IT Compliance Regulations Demystified: 3 Core Elements to Know

Written by Ashley Gwilliam on October 18, 2022

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Putting compliance into motion is a lot like cooking enolates with Oaxacan black mole sauce. Savuer named the savory Mexican dish one of the most complicated, multi-stepped, and time-intensive recipes in the world. But the results? Chef’s kiss! 

Every IT manager understands the value of compliance, but that doesn’t mean they enjoy its implementation. And putting systems in place can be especially challenging for new admins. 

Of course, the purpose of IT compliance regulations and standards is to protect both organizational and consumer data, ensure systems integrity, and build stakeholder trust. But factors such as limited departmental budgets, constantly evolving regulations, and lack of knowledge often pose significant stumbling blocks on the road to compliance. 

However, with a clear understanding of the core elements involved in IT compliance regulations, the process begins to feel much more manageable. In this article, we’ll break IT compliance into three distinct phases before delivering some quick tips for audit success.

Without further ado, let’s get cookin’.

The 3 Phases of IT Compliance Regulations

woman shrugging at her laptop

Although compliance regulations can get complex, particularly for new IT admins, they mainly require three elements. Let’s explore these and how they help you meet IT compliance requirements.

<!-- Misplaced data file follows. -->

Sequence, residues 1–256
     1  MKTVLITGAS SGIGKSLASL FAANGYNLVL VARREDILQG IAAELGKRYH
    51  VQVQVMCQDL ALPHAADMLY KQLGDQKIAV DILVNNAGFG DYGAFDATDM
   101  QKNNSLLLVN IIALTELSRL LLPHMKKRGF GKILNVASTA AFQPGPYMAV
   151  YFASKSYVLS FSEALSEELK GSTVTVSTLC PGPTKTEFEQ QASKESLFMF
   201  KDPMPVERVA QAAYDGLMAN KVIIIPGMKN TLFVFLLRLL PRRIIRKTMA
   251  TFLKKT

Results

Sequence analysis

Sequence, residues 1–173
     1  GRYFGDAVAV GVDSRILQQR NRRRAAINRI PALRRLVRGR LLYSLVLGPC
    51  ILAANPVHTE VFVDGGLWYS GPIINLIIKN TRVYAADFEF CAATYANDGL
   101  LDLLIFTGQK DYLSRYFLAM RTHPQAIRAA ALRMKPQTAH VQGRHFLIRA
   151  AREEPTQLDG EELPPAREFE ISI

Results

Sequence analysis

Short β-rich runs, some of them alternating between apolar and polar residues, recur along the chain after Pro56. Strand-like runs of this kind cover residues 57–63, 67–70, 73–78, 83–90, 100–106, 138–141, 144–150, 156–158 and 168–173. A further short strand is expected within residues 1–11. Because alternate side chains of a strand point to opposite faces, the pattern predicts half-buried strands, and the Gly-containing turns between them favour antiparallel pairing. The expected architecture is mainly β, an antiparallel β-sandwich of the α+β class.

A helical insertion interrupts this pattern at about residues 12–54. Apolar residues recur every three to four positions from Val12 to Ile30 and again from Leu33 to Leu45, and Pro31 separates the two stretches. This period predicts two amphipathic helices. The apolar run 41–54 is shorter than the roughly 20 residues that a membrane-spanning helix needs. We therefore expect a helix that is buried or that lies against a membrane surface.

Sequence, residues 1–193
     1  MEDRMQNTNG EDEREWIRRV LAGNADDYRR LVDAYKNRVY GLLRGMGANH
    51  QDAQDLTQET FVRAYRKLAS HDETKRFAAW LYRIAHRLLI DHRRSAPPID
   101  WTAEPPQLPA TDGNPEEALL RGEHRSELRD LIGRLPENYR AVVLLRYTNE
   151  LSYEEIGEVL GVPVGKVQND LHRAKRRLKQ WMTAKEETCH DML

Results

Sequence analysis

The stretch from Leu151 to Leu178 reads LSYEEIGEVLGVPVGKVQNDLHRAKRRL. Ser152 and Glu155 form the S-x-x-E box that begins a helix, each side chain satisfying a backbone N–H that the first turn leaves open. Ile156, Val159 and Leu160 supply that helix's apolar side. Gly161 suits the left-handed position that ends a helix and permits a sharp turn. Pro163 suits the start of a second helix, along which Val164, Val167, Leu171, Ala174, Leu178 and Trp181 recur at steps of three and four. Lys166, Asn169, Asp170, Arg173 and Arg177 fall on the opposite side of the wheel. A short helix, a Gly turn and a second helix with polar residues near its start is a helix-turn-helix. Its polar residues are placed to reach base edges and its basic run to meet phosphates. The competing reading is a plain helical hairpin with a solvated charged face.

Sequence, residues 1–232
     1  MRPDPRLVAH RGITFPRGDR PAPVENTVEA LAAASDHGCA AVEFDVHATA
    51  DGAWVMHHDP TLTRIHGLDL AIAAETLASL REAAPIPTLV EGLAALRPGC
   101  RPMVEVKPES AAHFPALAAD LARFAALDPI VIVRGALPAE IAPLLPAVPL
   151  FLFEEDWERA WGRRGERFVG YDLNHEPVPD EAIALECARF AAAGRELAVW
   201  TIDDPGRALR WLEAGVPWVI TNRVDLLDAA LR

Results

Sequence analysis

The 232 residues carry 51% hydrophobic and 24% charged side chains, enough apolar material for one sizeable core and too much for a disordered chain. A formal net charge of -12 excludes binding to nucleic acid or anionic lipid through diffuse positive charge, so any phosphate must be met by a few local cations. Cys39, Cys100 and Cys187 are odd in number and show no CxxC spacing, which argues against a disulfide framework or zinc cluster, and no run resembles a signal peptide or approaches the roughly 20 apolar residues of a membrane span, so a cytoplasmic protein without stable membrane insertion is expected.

1. Establishing Proper Access Controls

The first step to ensuring IT compliance is establishing proper access controls. This means that only authorized personnel should have access to systems and data.

There are various ways to go about this, but one standard method is using passwords and user accounts. Another way to control access is by restricting access to servers and other sensitive equipment.

Establishing proper access controls is crucial to maintaining compliance because it prevents unauthorized access and ensures that only authorized personnel can change systems and data as a preventive measure against accidental or malicious damage.

Types of Access Controls

There are four types of access control: discretionary access control (DAC), mandatory access control (MAC), role-based access control (RBAC), and rule-based access control (RuBAC).

Discretionary Access Control (DAC)

DAC is perhaps the most common type of access control. In DAC, the owner of a file assigns permission to other users.

The owner controls who can access their files and what type of access they have. A familiar example of DAC in action is when you share a file in Google Docs with a friend. The owner (you) can specify what type of access your friend has: view only, comment only, or edit.